Recently I switched email providers in my attempt to step up my marketing game. Yay for progress!
(Note on this, if you're on my mailing list then over the next couple of weeks you will be getting news of a very cool, low-priced product I made for you all. It’s a secret right now but to give you a hint....it will be something you’ll want to gift your chronically late officemate and will only cost you around the price of lunch out in DC. More on this soon!)
What you are not seeing is my freakout while learning to use this software yesterday morning. I was having my weekly check-in with Thea, my awesomely patient assistant, when I began trying to format my newsletter. All of my carefully honed calm and maturity went down the drain as I frustratedly clicked around the site.
My exterior frustration was “Why did they not think about making it all more user-friendly?” (Of course, what I meant was that I wanted the designers to keep in mind all of my unique preferences when thinking of a universal "user").
Under that was, “I don’t want to change. I’m scared of moving forward. I’m scared of everything these days. I’m scared to keep my heart open because it hurts so bad. I’m scared to feel so much.”
Obviously it wasn’t just about the software. It’s just that it’s all so hard. As I grow and endeavor deeper levels of relating, I am hurting people. I look out into the world and see that in our attempts to grow as a collective, we are hurting each other.
The beautiful Kelly at Om Weekly does a brave job articulating so much of this in her newsletter this week. Please read her important post here.
Inside, I’m angry and I’m sad. When I feel deeply into these emotions, it's like I am drowning in sensation. My fear is that I’ll never break free from the depths. We will never stop hurting each other. Life will be painful forever. It’s heavy and sobering to feel so much.
Yet I’m also optimistic. I don’t know why exactly. I just believe in people. I believe in the impulse of life that tells me we have to go through intensity in order to evolve. This optimism helps me to keep moving forward, to keep looking at how to best serve, and to keep taking care of myself. It’s buoyant and energizing to feel so hopeful.
What I’m learning is that it’s tricky to balance those two. It’s challenging to be so sobered by life and yet still be hopeful. Staying connected to the depths of pain while simultaneously moving forward into healing takes immense energy and fierce compassion. And I'm finding it's really easy to get fatigued in the process.
Last week I talked to my very wise teacher Diane. Within so much suffering, moving forward with my daily tasks and self-care felt herculean. I asked her if it would always hurt this much to care and still keep working at the same time. “Yes,” she said. “But a broken heart is an open heart.”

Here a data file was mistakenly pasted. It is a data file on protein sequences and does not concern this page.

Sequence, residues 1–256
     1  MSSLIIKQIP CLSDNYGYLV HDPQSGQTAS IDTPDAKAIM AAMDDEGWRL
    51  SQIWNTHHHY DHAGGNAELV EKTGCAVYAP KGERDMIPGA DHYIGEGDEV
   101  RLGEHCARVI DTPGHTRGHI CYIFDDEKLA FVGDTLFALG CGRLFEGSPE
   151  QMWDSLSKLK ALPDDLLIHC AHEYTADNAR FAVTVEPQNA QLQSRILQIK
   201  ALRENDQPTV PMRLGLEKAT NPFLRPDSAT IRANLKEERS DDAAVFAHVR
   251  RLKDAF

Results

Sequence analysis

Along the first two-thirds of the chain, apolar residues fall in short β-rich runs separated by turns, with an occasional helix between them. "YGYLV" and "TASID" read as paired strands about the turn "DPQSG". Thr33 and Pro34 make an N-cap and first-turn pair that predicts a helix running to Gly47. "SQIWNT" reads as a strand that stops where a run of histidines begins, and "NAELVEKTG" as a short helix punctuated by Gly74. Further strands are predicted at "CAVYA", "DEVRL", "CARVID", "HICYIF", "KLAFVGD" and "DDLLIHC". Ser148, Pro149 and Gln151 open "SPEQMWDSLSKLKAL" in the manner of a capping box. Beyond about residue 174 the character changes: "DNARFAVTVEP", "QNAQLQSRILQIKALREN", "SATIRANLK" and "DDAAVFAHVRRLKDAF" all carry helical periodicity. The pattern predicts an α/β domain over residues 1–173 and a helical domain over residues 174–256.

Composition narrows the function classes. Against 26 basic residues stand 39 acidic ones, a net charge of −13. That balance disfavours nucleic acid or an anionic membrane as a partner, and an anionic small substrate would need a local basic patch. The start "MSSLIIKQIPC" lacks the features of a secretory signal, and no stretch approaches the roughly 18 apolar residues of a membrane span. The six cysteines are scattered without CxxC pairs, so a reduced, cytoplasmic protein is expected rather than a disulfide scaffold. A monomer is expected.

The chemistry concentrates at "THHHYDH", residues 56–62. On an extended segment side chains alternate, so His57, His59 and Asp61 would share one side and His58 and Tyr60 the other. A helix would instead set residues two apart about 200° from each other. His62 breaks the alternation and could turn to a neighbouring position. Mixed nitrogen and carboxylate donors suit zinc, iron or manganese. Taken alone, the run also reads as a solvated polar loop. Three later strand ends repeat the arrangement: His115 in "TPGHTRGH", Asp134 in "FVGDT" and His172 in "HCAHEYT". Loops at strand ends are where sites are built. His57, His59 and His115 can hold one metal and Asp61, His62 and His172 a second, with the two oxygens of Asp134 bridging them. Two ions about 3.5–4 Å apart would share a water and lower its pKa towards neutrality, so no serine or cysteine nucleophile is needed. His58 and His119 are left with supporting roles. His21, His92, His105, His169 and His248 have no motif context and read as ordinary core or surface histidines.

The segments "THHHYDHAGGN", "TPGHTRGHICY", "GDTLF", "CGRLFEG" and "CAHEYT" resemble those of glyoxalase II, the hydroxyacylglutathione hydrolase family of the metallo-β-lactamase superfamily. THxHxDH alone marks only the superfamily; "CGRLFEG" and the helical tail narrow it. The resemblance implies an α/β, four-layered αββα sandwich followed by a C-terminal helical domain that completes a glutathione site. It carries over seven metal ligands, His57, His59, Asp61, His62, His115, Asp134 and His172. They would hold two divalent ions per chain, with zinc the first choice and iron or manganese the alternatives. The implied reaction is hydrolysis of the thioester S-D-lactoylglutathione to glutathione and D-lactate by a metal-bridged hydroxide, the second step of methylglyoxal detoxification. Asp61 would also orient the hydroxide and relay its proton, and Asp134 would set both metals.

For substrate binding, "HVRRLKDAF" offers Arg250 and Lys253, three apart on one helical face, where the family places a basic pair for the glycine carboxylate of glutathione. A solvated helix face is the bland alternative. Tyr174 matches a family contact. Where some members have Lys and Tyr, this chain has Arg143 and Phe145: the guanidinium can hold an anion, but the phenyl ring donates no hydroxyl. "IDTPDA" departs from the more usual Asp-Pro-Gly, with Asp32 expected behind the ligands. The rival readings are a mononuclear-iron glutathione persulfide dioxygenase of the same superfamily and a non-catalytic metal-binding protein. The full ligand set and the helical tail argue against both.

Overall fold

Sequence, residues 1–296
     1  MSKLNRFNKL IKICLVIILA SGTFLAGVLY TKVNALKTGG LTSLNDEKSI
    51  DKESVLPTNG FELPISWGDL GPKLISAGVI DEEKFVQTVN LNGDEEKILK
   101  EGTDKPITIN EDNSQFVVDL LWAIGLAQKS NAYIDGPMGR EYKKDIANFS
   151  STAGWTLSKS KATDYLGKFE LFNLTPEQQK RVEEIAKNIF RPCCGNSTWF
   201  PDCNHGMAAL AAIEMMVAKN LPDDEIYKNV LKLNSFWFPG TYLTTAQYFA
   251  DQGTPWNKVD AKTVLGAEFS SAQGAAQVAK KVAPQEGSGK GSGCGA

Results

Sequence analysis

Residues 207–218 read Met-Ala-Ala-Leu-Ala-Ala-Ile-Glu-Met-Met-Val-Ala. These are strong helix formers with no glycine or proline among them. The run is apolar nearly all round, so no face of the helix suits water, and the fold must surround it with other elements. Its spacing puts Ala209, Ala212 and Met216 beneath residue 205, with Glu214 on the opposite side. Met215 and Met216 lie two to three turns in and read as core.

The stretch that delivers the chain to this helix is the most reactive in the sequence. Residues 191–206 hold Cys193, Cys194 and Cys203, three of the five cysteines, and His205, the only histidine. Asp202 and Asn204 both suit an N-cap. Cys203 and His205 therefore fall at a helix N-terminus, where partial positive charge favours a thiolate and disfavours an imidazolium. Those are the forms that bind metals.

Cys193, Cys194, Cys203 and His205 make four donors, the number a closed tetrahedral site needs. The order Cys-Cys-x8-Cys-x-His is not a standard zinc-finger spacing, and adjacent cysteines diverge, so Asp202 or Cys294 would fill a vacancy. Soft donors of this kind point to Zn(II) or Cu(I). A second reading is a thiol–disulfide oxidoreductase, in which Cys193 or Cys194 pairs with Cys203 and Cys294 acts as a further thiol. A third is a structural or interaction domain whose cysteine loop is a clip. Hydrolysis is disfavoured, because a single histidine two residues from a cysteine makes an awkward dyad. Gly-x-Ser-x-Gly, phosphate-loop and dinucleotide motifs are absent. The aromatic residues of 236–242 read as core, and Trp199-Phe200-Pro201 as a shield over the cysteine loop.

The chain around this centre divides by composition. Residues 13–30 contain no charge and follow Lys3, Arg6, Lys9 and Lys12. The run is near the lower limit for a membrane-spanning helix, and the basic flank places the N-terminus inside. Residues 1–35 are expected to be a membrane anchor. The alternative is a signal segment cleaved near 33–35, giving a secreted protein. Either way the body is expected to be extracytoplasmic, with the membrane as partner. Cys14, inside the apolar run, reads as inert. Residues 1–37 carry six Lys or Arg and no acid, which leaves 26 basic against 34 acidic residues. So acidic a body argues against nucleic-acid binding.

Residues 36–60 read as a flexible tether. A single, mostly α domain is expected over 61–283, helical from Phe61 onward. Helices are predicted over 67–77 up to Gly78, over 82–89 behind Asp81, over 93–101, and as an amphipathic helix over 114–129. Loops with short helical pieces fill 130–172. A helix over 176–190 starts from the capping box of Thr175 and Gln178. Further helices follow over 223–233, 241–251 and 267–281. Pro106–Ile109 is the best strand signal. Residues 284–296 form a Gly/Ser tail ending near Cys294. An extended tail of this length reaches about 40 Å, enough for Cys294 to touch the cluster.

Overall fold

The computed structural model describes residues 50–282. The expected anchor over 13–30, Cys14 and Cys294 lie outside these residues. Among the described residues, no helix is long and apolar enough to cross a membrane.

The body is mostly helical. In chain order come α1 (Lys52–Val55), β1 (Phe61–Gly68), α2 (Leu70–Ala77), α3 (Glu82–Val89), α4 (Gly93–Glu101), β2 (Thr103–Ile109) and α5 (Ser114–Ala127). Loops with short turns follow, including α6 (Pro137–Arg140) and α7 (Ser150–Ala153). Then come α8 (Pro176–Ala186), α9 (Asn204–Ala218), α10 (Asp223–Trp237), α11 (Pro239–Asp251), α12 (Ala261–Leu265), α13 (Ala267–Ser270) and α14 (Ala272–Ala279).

I love wise-sounding concepts like staying open-hearted yet always want tangible practices to support these big ideas. Thinking of this, I began typing up my favorite ways to stay vital during draining times.
After a couple of hours, I realized I was really challenged by the task. As much as we need to discuss compassion fatigue, this is a sensitive topic. I want to take another week to write about it in a way that feels true to me and hopefully helpful to others.
Next week I will share Part II of this newsletter with my five practices that help me to stay open-hearted and optimistically moving forward within immense broken-heartedness.
In the meantime, I want to ask you how you’ve been caring for yourself within these emotionally stressful last few weeks or other times in your life that required intense compassion. I'd be so honored to read them. Next week I’d love to share a few of your responses so we can all keep learning from each other here.
Farewell for now and stay tuned for next week. I’ll leave us on this wise comment from my dear client Colby. She posted on the Beautiful Life Alumni Forum the morning after the Dallas shooting and I was really taken by the caring and her self-care in her words. I thought we could all learn from her example as we practice that tricky balance for ourselves.
“It's been a heavy few days for me. I've felt both really weighed down emotionally by all of the hurt going on in the world and at the same time very vata and up in my head. My body chose to allow myself to feel all of the sadness yesterday and then to have a really nice long talk with my partner about things as we made dinner together. I prayed and meditated and sent love into the world, put on some lavender oil, did legs up the wall and got a good nights sleep. This evening I'm going to go to yoga and a community dialogue, because of the things I know for sure, one of them is that sitting and talking in circles is deeply powerful.”